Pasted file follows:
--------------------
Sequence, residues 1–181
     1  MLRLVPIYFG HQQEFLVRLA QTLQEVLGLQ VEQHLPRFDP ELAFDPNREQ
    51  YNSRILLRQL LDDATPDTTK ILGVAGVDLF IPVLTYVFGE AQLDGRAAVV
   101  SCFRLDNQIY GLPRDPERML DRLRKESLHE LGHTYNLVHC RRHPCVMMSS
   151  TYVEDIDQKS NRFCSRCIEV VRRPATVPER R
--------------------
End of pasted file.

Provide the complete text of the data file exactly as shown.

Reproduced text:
Sequence, residues 1–181
     1  MLRLVPIYFG HQQEFLVRLA QTLQEVLGLQ VEQHLPRFDP ELAFDPNREQ
    51  YNSRILLRQL LDDATPDTTK ILGVAGVDLF IPVLTYVFGE AQLDGRAAVV
   101  SCFRLDNQIY GLPRDPERML DRLRKESLHE LGHTYNLVHC RRHPCVMMSS
   151  TYVEDIDQKS NRFCSRCIEV VRRPATVPER R